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Yes, TX lawmakers had special committee on school safety, mass violence before

Gov. Greg Abbott is requesting leaders of the Texas House and Senate create committees to address "school safety and mass violence." We've been here before.

TEXAS, USA — On Wednesday, Gov. Greg Abbott sent a letter to Lt. Governor Dan Patrick and Speaker of the House of Dade Phelan requesting they convene a special legislative committee in both the House and Senate to address violence in Texas schools. 

"We as a State must reassess the twin issues of school safety and mass violence," Abbott stated, "As leaders, we must come together at this time to provide solutions to protect all Texans."

Abbott requested the committees review the steps previous legislatures have enacted and make recommendations on five topics to "prevent school shootings." Those topics were listed as school safety, mental health, social media, police training and firearm safety. 

But the fact is, the state already tackled this issue in the last four years. In fact, the state tackled it twice. 

In May of 2018, a 17-year-old entered Santa Fe High School near Houston and began shooting. He killed 10 people and wounded 13 others. 

According to the Texas Tribune, Abbott started roundtable discussions in the same month to address the violence. After a series of talks on arming teachers, school safety measures, mental health and bullying, the governor worked with state leaders to create a School and Firearm Safety Action Plan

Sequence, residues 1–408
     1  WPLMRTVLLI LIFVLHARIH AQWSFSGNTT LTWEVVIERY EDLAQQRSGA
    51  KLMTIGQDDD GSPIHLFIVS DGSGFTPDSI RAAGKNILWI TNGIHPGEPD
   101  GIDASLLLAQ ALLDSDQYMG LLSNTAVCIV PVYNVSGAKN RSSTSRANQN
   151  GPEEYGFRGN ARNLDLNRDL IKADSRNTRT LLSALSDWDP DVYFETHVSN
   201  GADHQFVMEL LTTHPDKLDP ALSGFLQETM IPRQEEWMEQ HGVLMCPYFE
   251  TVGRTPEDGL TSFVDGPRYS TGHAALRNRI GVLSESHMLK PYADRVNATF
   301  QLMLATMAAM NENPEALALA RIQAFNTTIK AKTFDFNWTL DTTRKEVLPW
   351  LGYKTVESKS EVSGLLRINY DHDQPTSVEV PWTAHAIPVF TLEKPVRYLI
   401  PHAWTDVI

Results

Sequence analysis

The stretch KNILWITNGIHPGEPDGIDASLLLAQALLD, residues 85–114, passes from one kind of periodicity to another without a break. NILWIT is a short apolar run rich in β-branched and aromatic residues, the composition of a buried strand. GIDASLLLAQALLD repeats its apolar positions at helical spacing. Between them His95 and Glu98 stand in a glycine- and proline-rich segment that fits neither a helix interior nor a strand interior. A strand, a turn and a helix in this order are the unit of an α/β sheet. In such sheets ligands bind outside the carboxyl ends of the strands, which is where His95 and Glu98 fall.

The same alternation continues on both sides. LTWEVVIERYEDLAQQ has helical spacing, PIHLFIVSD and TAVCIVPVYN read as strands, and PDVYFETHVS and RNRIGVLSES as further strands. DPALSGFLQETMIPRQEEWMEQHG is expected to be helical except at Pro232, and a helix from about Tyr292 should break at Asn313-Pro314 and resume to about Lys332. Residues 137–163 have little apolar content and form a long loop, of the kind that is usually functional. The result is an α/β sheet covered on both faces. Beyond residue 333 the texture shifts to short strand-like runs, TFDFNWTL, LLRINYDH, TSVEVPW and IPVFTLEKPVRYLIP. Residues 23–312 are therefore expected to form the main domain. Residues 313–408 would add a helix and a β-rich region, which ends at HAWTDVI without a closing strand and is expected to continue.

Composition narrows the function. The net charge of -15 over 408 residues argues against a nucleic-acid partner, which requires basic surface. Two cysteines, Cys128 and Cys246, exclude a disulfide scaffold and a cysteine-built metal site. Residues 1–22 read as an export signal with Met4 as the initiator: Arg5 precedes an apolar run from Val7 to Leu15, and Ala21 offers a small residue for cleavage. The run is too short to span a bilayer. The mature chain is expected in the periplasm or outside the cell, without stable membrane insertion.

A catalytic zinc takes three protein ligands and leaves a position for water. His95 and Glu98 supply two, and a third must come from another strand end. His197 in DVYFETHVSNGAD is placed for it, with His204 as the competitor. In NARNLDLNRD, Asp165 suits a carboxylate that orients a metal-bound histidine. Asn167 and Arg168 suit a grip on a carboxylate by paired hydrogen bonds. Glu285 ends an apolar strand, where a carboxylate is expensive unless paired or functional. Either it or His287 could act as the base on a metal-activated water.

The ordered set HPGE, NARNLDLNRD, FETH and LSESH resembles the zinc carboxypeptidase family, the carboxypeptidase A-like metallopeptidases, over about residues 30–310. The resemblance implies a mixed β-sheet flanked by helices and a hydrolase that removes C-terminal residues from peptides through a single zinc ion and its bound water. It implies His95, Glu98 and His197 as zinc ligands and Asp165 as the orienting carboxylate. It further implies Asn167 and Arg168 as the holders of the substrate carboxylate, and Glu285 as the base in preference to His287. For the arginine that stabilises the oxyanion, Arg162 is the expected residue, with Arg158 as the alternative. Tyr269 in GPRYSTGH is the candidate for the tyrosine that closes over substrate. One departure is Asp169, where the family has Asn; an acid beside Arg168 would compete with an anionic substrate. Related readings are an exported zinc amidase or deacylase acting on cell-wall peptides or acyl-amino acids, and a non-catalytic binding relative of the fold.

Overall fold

The plan was released May 30, 2018. 

A year later, Abbott signed multiple bills to address the issue after the 2019 legislative session. The bills included Senate Bill 11, which required specific training for school resource officers, requirements to train for emergencies and funding grants for school counseling. 

The state also passed House Bill 1387. According to the Texas Tribune, this bill would allow schools to designate more school marshals to be armed and trained. Previously, the marshal program only allowed one marshal per 200 students.

The legislature also considered a “red flag” law, which would identify persons who are a danger to themselves or others and would create a way to pre-emptively disarm them. The idea died after strong opposition in the legislature. 

Then, three months after Abbott signed those bills, a 36-year-old gunman killed seven people and injured 25 in Odessa. 

Afterward, then-House-Speaker Dennis Bonnen asked for a special committee to begin studying issues related to gun violence, according to the Texas Tribune. The house committee was later called the "House Select Committee on Mass Violence Prevention & Community Safety."

Abbott supported that call and said in a statement, "Texas will not stand by and allow violence to continue to rip apart our families and communities. As I said in Odessa, words alone are inadequate as we face this challenge. Words must be followed by meaningful action to prevent these senseless and devastating attacks. I applaud the House and Senate for establishing these committees, and Texas lawmakers have my full support as we work together to put an end to this violence."

Abbott would later sign eight executive orders designed to help law enforcement "improve reporting channels," according to the Texas Tribune. 

Meanwhile, the House Select Committee on Mass Violence Prevention & Community Safety released a preliminary report in December of 2019. The committee had additional meetings scheduled by 6 News could not find any additional reports from the committee or additional activity after early 2020. 

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